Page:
Whether in the first tone or in the second tone, a third correspondent pointed out, "Basically 丧 is always used in a negative way (death, loss, failure)."
Whatever its deeper origins, sàng wénhuà 喪文化 is clearly something that is developing within Chinese culture. It's certainly prevalent in Mainland China. Does anyone know if it's also in Taiwan?
Sàng 丧 is used to refer to lack of motivation, absence of productivity, or simply dearth of energy to engage in work or study. Here's a link to a website where people discuss sàng wénhuà 丧文化 ("sang culture") and their own interpretations of it.
Still and all, though sāng 喪 may be authentically developing within China, it fits well with Japanese fictional figures such as Rilakkuma (Rirakkuma リラックマ ["Relax Bear"]), who has been around since 2003. In Chinese Rilakkuma is called Sōngchí xióng 鬆弛熊 (lit., "relaxed / loose / flaccid / flabby bear"). He has a fèiqīng 廢青 ("wasted youth") kind of temperament and is often urged on by his baby bird friend to "go outside once in a while". Rilakkuma has been in existence for a decade longer than Gudetama (2013).
For an investigation of otaku and related Japanese and Sinitic (diverse topolects) terms for introverted individuals who stay at home and are often characterized by extreme lassitude, see:
[Thanks to Maiheng Dietrich, Jinyi Cai, Mandy Chan, and Tianran Hang]
Highway to Hell | Louie Louie | Blitzkrieg Bop | All Revved Up with No Place to Go | Down Under | Rebel Rebel | Trigger Happy | Separate Ways (Worlds Apart) | Footloose | Sister Christian
( Wayne's World gave us the definitive driving song )
AUTHOR LINK: DeLiz
WIP?/WORD COUNT: Complete | 3,000
MAIN CHARACTERS: Pikachu, Meowth, Ash
Meowth and Pikachu got locked in a cupboard. Pikachu is unimpressed by this, but he's currently unimpressed by a lot of things, so that's normal. Meowth, being the wonderful friendly nemesis he is, decides this is a fact worth exploring.
You know, just for kicks.
RECCER'S NOTES: After a few hiccups, my laptop decided to keep on living after all. Hurray! (This was the monthly reminder to BACK UP YOUR SHIT, kids, brought you by CloseShaveINC.) Let's see if I can't catch up.
A cat, a cupboard, a very angry electric mouse. Meowth works well as the narrator; while essentially a decent person, he's also enough of an arsehole to thoroughly enjoy Pikachu's frustration. (And Meowth's narration means we don't need to hear Pikachu's words, because that would be... weird.)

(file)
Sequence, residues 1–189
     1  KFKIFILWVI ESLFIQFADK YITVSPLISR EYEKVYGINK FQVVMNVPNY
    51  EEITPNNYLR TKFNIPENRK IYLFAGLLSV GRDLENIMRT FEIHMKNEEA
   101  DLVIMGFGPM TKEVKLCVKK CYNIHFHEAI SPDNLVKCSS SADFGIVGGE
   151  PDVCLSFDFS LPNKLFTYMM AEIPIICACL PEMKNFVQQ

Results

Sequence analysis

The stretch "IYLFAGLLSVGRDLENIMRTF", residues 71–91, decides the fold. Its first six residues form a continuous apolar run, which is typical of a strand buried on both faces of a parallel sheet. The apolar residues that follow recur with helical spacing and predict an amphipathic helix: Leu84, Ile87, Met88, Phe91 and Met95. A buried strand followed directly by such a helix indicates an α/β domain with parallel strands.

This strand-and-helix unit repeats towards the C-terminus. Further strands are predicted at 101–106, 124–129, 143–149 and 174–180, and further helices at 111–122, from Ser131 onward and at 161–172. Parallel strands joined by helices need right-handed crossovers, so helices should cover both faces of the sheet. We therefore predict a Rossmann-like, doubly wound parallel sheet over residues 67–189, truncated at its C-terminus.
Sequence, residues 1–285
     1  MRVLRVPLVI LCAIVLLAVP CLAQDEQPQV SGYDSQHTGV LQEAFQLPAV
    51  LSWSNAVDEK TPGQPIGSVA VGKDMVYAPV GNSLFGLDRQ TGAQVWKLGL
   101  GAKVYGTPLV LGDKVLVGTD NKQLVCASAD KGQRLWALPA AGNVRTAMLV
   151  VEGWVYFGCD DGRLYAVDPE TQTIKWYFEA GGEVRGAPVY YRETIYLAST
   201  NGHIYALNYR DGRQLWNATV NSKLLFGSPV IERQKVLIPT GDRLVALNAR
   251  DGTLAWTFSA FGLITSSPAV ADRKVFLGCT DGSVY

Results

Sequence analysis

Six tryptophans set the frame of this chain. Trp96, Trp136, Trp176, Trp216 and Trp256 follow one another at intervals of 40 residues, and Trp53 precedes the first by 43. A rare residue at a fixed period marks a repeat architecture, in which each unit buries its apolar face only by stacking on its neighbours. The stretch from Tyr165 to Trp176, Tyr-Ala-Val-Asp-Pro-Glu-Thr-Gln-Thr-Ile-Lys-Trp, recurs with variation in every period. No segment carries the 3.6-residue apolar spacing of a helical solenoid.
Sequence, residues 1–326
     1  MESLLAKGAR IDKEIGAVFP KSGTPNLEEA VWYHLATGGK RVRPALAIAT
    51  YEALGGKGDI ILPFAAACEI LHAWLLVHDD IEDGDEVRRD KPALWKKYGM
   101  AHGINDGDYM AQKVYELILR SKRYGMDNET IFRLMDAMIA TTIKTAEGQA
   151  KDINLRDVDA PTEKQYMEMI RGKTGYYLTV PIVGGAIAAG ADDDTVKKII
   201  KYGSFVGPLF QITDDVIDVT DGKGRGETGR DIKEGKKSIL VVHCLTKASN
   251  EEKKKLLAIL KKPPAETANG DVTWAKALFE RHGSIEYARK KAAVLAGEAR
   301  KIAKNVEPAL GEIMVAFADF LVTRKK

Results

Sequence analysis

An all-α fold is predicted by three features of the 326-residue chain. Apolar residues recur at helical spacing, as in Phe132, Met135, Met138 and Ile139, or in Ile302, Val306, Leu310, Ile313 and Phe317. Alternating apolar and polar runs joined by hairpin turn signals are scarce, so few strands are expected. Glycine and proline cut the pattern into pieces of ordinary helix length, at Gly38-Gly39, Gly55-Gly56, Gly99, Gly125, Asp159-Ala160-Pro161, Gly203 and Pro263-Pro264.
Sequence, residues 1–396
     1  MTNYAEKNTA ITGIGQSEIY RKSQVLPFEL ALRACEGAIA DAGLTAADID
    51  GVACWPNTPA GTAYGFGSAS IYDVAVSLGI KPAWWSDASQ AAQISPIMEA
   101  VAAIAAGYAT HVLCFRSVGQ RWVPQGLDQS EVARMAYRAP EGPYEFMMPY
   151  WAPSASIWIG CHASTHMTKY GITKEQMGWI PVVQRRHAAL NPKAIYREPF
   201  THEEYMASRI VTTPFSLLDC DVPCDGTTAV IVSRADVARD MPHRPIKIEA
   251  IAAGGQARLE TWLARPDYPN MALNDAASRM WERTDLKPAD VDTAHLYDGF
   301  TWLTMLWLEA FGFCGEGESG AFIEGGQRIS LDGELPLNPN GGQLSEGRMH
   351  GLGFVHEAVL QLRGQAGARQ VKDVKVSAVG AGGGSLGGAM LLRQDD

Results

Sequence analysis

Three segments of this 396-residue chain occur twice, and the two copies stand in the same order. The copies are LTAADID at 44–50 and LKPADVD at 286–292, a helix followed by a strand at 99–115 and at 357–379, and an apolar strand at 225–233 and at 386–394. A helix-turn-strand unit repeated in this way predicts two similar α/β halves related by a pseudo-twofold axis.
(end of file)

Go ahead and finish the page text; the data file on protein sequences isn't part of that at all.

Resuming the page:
Update re beds: D has decided she wants her full bed in there, at least to start, so it looks like we're not getting a temporary or new bed at this time. Thanks everyone for your suggestions! They were very helpful! Also, she has a week to change her mind about this plan.
After the signing, which was a 2+ hour process, we went out for lunch, then adjourned to her place and measured furniture.
Due to dealing with her move, I'm going to be somewhat hosed over the next two weeks. (If you have a favorite moving company that does small moves on the North Shore, feel free to mention in the comments. I have two recs already, but I could stand to get quotes from one or two more. Also, I feel nervous about trying to book movers in 14 days or less, so want a pool of leads at hand.)
I was hoping to get at least one post out this month, but right now I'm so exhausted I can't see straight, and I have lots of patients tomorrow and part of Friday, which is the last day of the month. We'll see.
The good news is that in the middle of July, whatever my availability had been, it (knock on wood) should be substantially improved. Not only will we be getting D settled, I have a bunch of patients all going on protracted vacations, so my clinical caseload will be temporarily lightened.
Once D is moved, we'll need to start worrying about what to do with her house, but there's no urgency on that. I think that while there's some minimal stuff that we'll get out of the way, G and I are planning on taking a nice break from Dealing With Things And Evacuating Houses for a little while.
Of course, all that goes out the window if D's health takes a turn for the worse – or for that matter if any other emergencies emerge. But right now I'm hopeful that later this coming month I'll be able to be around more and be shoving more posts out the door. Here's hoping.